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Goa, India

Plucking of the Coconuts

by Magali Vaz magalic.com

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It was nearing Christmas & there I was, unhappy as ever. It had been a rough few months & I couldn’t seem to catch a break. First it was being sick & having to get admitted to a hospital – my body had taken a beating, but I felt like my self-confidence had taken a worse one.
And then when I was ready to spend a quiet end of the year at home, attending a few friend’s weddings & just relaxing, my mom tells me we have to go to Goa.

 
Goa is the same, the lovely resorts, the terrible neighbours – I’ve been experiencing this for over 10 years, what’s new? I watched a TV show on the Spanish tradition of Tapas, & though the food looks yummy, I frown on the idea of the weekly meeting with families – almost every close family member other than my parents has brought pain & annoyance & I’m throughly sick of everyone glorifying family. Then we made the decision to stay with some family & friends for the rest of the trip. This depressed me further because I like ‘independence’ (or my idea of it, at least). Although these were people I liked, I also like eating when I want & sleeping when I want. But it was the right decision so I went with it.

 
The first day we were there my uncle told me that they would be hiring some workers to pluck the coconuts the next day so I should wake up early & keep my cameras ready. It’s a bi-annual thing in Goa, especially when you have a lot of land & though I had heard of it, I never got to see it before.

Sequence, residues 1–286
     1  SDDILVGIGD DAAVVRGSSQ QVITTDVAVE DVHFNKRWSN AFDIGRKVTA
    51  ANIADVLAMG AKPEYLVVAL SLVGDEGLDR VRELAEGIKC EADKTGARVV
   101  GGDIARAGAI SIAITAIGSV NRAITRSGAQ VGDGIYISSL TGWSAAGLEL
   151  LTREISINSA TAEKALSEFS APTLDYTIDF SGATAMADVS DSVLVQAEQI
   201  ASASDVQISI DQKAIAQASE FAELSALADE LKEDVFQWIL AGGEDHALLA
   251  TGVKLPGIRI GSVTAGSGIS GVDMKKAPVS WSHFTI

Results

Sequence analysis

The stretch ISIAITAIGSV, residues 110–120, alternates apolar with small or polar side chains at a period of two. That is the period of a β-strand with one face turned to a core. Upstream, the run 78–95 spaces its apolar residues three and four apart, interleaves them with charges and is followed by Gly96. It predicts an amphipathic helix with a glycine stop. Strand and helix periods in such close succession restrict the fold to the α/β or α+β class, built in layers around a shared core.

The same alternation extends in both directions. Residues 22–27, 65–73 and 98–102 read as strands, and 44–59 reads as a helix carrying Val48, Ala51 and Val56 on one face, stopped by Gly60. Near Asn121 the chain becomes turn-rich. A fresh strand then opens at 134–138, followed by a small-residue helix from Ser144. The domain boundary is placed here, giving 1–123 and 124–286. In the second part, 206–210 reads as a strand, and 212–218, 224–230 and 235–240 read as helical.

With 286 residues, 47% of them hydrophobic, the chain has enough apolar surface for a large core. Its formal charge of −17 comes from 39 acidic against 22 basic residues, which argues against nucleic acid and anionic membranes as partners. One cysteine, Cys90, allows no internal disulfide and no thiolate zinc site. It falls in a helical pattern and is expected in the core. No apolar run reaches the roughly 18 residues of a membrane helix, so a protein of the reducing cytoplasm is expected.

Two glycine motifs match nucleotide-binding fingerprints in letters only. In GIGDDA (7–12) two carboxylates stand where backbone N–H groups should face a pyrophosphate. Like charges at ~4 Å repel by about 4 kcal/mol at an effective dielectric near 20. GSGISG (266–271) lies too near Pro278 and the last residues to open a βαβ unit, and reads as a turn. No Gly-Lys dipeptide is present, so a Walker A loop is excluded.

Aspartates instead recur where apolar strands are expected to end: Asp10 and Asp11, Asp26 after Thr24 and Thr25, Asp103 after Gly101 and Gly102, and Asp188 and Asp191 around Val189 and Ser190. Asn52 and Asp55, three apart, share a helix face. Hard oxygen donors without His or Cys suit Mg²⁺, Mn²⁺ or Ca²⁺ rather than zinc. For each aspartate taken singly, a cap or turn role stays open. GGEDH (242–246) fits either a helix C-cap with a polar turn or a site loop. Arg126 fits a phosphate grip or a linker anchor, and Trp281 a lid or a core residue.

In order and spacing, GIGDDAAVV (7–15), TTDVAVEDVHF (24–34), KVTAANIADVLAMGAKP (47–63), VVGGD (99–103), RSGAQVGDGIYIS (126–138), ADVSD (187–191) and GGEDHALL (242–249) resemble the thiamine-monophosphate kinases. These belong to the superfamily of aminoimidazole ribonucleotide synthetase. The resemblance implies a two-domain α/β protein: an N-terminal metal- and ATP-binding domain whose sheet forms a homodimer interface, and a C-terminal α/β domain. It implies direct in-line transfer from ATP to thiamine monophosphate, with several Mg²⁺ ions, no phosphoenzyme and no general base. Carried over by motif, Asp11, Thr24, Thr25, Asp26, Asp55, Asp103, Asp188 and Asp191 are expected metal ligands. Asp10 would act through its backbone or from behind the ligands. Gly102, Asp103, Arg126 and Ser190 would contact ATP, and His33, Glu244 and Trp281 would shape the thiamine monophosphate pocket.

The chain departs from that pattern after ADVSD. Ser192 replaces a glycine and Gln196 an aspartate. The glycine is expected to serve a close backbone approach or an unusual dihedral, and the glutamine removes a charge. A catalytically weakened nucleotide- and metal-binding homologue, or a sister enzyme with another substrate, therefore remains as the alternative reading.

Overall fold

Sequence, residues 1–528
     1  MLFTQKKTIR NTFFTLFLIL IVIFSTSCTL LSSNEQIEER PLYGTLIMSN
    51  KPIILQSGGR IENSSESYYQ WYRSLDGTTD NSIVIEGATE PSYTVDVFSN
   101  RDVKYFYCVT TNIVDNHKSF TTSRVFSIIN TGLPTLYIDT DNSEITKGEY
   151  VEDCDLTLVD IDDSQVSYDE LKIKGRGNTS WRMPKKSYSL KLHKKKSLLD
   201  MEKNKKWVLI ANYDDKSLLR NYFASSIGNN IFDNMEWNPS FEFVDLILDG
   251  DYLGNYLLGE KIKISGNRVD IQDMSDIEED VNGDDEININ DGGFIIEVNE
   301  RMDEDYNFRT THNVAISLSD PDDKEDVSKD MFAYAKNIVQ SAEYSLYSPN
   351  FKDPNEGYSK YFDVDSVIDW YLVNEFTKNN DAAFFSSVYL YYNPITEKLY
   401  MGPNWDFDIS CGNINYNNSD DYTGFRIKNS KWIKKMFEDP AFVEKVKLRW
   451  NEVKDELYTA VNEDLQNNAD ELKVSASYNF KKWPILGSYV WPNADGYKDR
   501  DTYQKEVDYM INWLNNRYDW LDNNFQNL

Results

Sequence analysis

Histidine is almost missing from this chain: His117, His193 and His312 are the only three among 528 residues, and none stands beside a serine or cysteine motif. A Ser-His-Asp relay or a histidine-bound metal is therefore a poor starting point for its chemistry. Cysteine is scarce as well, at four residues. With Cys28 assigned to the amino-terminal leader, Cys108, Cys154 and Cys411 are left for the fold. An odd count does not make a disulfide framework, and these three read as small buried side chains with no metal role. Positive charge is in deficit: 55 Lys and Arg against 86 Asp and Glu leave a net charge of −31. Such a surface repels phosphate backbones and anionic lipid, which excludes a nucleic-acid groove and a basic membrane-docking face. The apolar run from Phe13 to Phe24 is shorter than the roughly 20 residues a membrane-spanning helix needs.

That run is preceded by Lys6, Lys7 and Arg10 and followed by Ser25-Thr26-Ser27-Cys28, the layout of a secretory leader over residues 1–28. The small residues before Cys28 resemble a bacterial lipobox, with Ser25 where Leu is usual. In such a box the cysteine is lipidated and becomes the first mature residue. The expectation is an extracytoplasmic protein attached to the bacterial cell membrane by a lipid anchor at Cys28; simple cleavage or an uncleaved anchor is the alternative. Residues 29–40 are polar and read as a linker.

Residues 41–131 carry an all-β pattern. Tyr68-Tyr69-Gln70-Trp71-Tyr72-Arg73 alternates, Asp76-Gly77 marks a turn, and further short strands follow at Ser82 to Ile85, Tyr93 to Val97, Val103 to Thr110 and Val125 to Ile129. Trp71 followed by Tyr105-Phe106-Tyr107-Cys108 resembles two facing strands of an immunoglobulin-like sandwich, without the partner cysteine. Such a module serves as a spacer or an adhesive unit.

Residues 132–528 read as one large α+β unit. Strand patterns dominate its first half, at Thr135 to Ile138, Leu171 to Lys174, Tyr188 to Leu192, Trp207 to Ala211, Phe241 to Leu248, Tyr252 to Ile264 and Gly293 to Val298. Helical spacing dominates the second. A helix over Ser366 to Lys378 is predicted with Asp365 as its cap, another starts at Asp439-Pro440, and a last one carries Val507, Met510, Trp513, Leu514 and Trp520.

The next morning I woke up early & photographed the whole process, it was longer & much more tiring than I expected, that night I went to sleep tired but content. And I didn’t notice it then, but the next morning I woke up slightly happier. What followed was five days of visiting new places, having delicious seafood & wine with great conversation. I had finally understood Tapas as more than just food.

 
I don’t usually get to philosophical but something changed that day when I watched the coconuts being plucked. A small part of it was the self-satisfaction at getting great photos of something that doesn’t happen very often. But it was mostly because for just one day I was focussing on nature, on something bigger than me & not just my life & my problems. Life kicked me in the butt for a while, so what? Moping wasn’t going to get me anywhere so that day I didn’t overthink it, I just let go & made a decision to move on.
And when I did return to Mumbai I felt happy, grateful & optimistic.